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to oppose to them? Shall we try argument? Sir, we have been trying that for the last ten years. Have we anything new to offer upon the subject? Nothing. We have held the subject up in every light of which it is capable; but it has been all in vain. Shall we resort to entreaty and humble supplication? What terms shall we find, which have not already been exhausted? Let us not, I beseech you, sir, deceive ourselves longer. Sir, we have done everything that could be done, to avert the storm which is now coming on. We have petitioned; we have remonstrated; we have supplicated; we have prostrated ourselves before the throne, and have implored its interposition to arrest the tyrannical hands of the Ministry and Parliament. Our petitions have been slighted; our remonstrances have produced additional violence and insult; our supplications have been disregarded; and we have been spurned, with contempt, from the foot of the throne! In vain, after these things, may we indulge the fond hope of peace and reconciliation. There is no longer any room for hope. If we wish to be free if we mean to preserve inviolate those inestimable privileges for which we have been so long contending if we mean not basely to abandon the noble struggle in which we have been so long engaged,

and which we have pledged ourselves never to abandon, until the glorious object of our contest shall be obtained we must fight! I repeat it, sir, we must fight! An appeal to arms and to the God of Hosts is all that is left us!

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They tell us, sir, that we are weak; unable to cope with so formidable an adversary. But when shall we be stronger? Will it be the next week, or the next year? Will it be when we are totally disarmed, and when a British guard shall be stationed in every house? Shall we gather strength by irresolution and inaction? Shall we acquire the means of effectual resistance by lying supinely on our backs and hugging the delusive phantom of hope, until our enemies shall have bound us hand and foot? Sir, we are not weak, if we make a proper use of those means which the God of nature hath Three millions of people armed in the holy cause of liberty, and in such a country as that which we possess, are invincible by any force which our enemy can send against us. Besides, sir, we shall not fight our battles alone. There is a just God who presides over the destinies of nations, and who will raise up friends to fight our battles for us. The battle, sir, is not to the strong alone; it is to the vigilant, the act

placed in our power.

ive, the brave. Besides, sir, we have no election. If we were base enough to desire it, it is now too late to retire from the contest. There is no retreat, but in submission and slavery! Our chains are forged! Their clanking may be heard on the plains of Boston! The war is inevitable — and let it come! I repeat it, sir, let it come.

It is in vain, sir, to extenuate the matter. Gentlemen may cry, Peace, Peace-but there is no peace. The war is actually begun! The next gale that sweeps from the north will bring to our ears the clash of resounding arms! Our brethren are already in the field! Why stand we here idle? What is it that gentlemen wish? What would they have? Is life so dear, or peace so sweet, as to be purchased at the price of chains and slavery? Forbid it, Almighty God! I know not what course others may take; but as for me, give me liberty or give me death!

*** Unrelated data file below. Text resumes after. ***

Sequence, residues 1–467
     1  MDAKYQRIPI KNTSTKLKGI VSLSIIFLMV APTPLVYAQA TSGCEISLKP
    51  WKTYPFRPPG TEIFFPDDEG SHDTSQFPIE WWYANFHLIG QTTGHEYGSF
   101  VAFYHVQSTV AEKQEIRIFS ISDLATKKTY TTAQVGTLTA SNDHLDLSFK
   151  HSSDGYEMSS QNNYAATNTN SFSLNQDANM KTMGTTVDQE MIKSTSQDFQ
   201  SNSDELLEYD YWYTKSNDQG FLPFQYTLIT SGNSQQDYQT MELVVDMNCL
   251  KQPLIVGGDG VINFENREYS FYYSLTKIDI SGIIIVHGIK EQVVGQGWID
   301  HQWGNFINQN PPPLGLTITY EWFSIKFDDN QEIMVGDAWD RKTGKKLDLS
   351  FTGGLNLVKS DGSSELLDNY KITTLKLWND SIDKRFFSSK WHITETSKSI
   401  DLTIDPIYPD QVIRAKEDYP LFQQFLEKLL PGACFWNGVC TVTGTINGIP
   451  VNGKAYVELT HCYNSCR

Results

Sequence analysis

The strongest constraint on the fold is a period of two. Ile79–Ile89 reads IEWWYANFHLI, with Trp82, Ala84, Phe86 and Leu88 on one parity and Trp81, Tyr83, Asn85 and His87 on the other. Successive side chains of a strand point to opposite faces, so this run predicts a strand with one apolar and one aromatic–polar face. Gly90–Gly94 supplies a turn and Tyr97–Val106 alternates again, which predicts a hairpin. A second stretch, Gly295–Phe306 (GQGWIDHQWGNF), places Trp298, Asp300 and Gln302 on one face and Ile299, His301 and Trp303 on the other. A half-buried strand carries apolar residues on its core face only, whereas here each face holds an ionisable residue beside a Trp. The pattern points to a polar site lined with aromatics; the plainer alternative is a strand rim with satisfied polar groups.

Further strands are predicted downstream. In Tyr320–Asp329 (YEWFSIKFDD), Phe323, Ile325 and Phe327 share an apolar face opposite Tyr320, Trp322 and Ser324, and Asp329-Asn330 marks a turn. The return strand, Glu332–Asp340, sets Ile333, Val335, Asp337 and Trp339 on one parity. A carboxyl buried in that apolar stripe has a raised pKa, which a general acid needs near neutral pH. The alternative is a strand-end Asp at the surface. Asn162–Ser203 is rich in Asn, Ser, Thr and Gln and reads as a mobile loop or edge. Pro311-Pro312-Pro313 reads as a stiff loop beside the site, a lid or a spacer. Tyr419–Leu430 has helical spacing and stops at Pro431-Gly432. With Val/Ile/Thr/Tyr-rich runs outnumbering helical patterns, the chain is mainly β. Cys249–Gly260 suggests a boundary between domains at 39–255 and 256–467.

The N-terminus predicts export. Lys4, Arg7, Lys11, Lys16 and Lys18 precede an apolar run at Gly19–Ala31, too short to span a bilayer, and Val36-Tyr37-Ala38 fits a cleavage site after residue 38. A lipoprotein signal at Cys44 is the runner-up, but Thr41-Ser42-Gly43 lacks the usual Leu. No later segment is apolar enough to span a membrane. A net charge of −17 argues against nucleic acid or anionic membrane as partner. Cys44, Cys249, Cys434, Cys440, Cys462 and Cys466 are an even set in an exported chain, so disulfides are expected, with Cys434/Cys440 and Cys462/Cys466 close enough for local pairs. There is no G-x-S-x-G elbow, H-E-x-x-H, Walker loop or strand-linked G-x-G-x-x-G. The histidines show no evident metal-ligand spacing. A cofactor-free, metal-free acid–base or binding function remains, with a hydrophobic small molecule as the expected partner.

HAT would have been the consequences, sir, if we had been conquered? Were we not fighting against that majesty? Would the justice of our opposition have been considered? The most horrid forfeitures, confiscations, and attainders, would have been pronounced against us. Consider their history, from the time of William the First till this day. Were not his Normans gratified with the confiscation of the richest estates in England? Read the excessive cruelties, attainders and confiscations of that reign. England depopulated, its inhabitants stripped of the dearest privileges of humanity, degraded with the most ignominious badges of bondage, and totally deprived of the power of resistance to usurpation and tyranny. This inability continued to the time of Henry the Eighth. In his reign, the business of confiscation and attainder made considerable havoc. After his reign, some stop was put to the effusion of blood which preceded and happened under it. Recollect the sad and lam

entable effects of the York and Lancastrian wars. Remember the rancorous hatred and inveterate detestations of contending factions, the distinction of white and red roses. To come a little lower: what happened in that island in the rebellions of 1715 and 1745? If we had been conquered, would not our men have shared the fate of the people of Ireland? A great part of that island was confiscated, though the Irish people thought themselves engaged in a laudable cause. What confiscation and punishments were inflicted in Scotland? The plains of Culloden, and the neighboring gibbets would show you. I thank heaven that the spirit of liberty, under the protection of the Almighty, saved us from experiencing so hard a destiny. But had we been subdued, would not every right have been wrested from us? What right would have been saved? Would debts have been saved? Would it not be absurd to save debts while they should burn, hang and destroy?

Before we can decide with precision, we are to consider the dangers we should have been exposed to had we been subdued. After presenting to your view this true picture of what would have been our situation, had we been subjugated, surely a correspondent right will be found, growing out of the law of nations, in our favor. Had

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